It blew our minds a bit on Grey’s Anatomy, and now it is a real-life thing.
Scientists in Berlin have developed a mind-controlled robotic hand that could change the lives of people with certain types of spinal injuries.
The device would enable them to perform everyday tasks like using a fork, writing or drinking from a cup.
It’s also relatively low-cost to produce.
It was tested in Spain on six people with quadriplegia that affects their ability to grasp or manipulate objects, all of whom were able to perform daily tasks more effectively with the robotic hand than without, according to results published in the journal Science Robotics. The participants represented individuals with high spinal cord injuries, meaning they were able to move their shoulders but not their fingers.
“The participants, who had previously expressed difficulty in performing everyday tasks without assistance, rated the system as reliable and practical, and did not indicate any discomfort during or after use,” the researchers said, according to The Associated Press.
In simple terms, a cap that measures electric brain activity and eye movement enables users to send signals to a tablet computer that controls a glove-like device attached to their hand.
As The Associated Press highlights, while using brain-controlled robotics to assist quadriplegics isn’t new, most existing technology requires implants or uses wet gel to transmit signals from the scalp to the electrodes. Both are less-than-ideal, as implants can cause health problems and the gel needs to be washed out of the user’s hair afterward.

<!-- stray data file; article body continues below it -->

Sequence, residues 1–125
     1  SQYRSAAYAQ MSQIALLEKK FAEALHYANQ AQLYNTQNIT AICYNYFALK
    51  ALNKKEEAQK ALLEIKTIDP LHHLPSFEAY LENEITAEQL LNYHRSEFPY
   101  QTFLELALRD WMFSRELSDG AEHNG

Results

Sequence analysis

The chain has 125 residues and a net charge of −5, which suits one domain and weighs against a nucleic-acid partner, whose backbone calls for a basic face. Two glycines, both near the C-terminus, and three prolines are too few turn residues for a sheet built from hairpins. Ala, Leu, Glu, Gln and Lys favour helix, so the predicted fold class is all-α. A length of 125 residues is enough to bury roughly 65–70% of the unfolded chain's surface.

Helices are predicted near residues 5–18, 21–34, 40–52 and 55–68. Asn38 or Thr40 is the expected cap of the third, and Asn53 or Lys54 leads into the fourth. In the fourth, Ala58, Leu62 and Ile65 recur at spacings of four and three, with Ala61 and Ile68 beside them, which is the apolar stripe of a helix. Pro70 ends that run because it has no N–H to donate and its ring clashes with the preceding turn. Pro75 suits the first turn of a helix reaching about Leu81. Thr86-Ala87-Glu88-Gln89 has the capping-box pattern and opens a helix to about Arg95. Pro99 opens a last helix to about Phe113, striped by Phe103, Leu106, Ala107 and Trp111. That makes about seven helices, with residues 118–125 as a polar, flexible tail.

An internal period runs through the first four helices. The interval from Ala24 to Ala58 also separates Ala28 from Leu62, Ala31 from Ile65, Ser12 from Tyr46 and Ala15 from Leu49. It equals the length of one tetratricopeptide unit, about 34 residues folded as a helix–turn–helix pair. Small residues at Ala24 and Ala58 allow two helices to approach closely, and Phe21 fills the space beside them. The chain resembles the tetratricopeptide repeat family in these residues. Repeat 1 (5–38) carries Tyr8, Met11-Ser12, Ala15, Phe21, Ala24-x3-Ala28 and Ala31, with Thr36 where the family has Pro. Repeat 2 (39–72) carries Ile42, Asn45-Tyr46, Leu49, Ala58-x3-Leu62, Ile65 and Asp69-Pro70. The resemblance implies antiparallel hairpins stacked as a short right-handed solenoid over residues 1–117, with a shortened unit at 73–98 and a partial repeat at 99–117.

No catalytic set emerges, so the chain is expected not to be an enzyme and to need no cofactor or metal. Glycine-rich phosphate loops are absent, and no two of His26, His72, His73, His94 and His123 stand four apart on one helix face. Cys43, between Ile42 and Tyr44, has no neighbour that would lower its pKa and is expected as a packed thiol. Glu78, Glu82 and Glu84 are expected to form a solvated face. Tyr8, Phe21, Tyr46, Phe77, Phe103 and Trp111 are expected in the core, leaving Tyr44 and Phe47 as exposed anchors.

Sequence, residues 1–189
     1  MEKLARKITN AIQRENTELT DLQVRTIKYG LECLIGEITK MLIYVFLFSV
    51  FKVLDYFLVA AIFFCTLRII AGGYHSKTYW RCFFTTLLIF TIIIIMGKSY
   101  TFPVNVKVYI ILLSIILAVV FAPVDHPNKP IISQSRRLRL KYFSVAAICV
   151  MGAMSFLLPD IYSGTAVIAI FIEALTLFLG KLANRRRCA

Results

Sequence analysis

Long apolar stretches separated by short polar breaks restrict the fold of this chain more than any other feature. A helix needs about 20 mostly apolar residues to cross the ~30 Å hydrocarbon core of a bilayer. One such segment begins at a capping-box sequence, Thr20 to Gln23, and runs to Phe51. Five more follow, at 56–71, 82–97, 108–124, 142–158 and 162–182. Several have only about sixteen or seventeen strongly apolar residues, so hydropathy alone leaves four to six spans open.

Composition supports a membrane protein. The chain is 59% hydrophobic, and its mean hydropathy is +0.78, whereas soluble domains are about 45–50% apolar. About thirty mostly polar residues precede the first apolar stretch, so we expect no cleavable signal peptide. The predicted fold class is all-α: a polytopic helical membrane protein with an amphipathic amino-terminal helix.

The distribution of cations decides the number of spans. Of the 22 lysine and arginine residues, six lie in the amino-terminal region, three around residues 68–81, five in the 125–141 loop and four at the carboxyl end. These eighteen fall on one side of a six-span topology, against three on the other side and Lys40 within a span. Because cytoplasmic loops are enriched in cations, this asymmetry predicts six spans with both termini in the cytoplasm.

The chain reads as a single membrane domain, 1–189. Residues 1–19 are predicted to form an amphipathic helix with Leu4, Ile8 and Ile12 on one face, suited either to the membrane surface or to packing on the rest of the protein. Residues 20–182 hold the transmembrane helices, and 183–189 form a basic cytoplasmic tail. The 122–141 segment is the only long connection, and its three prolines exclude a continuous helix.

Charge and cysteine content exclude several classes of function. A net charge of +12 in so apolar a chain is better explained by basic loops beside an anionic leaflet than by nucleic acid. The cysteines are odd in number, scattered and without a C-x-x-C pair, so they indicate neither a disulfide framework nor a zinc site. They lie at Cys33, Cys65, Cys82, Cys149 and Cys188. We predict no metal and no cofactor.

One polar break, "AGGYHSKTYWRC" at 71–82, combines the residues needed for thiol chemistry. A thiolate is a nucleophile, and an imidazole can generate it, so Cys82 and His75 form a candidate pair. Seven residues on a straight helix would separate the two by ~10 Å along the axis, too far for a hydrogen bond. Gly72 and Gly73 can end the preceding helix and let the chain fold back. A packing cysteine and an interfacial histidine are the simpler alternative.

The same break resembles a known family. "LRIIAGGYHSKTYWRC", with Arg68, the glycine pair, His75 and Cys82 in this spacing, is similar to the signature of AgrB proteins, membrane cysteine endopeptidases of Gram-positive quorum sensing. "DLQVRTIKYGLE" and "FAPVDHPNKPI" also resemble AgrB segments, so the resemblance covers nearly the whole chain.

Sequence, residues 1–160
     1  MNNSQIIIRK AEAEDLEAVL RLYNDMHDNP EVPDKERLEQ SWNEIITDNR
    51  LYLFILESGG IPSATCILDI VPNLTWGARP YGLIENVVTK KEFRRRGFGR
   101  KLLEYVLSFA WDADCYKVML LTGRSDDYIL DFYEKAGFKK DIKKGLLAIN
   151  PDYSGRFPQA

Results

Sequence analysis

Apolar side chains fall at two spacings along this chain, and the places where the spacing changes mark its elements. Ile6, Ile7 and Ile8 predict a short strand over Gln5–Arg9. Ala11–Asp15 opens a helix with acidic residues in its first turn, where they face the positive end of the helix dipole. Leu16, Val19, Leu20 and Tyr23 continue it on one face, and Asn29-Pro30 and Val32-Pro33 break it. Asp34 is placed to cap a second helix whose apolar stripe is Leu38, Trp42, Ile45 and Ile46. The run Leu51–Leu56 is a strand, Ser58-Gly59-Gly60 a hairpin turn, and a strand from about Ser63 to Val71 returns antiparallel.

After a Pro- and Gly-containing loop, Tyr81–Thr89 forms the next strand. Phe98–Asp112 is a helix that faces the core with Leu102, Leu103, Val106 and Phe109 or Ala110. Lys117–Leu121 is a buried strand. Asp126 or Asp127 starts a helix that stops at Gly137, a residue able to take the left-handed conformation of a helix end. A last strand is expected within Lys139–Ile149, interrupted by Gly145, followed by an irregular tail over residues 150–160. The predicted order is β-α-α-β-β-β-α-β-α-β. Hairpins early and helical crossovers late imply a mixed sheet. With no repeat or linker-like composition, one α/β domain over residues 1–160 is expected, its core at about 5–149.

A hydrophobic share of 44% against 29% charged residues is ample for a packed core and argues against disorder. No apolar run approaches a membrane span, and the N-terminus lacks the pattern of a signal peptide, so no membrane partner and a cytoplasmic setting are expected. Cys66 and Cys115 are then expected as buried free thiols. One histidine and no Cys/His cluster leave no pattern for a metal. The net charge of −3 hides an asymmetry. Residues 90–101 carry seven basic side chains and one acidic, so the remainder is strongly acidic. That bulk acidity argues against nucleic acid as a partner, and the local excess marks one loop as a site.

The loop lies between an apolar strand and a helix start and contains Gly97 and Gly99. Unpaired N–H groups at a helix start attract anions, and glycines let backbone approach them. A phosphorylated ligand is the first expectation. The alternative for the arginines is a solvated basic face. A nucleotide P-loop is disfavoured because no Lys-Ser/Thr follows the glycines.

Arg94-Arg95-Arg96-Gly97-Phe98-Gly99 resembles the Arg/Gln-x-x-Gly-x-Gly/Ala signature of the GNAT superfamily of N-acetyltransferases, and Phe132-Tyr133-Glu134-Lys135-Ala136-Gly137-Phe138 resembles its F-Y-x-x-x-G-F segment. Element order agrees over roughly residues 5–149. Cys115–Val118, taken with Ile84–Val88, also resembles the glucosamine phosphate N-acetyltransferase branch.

According to the researchers, the new system took participants just 10 minutes to learn how to use the system before they were able to perform tasks like picking up potato chips or signing a document.
Like most new technologies, however, there were some limitations to the system. For example, mounting the device required the help of another person, and the users had to have sufficient function in their shoulder and arm to reach out with the robotic hand.
While it’s undoubtedly a promising pilot study, experts say that further clinical tests are needed.
“Bigger studies will be very important to find out which patients respond well, less well or not at all,” said Jan Schwab, an expert on spinal cord injury at Berlin’s Charite hospital who wasn’t involved in the research.
But it’s definitely a huge step forward when it comes to things like re-training the brain of a stroke patient in the rehabilitation process. Apparently, the system could hit the market within two years at a cost of between $5,370 to $10,740, depending on functionality.
From this groundbreaking MS news, to the fact that medical marijuana patients can grow their own pot, 2016 has definitely been a progressive one when it comes to the medical world (even if everything else is moving backward).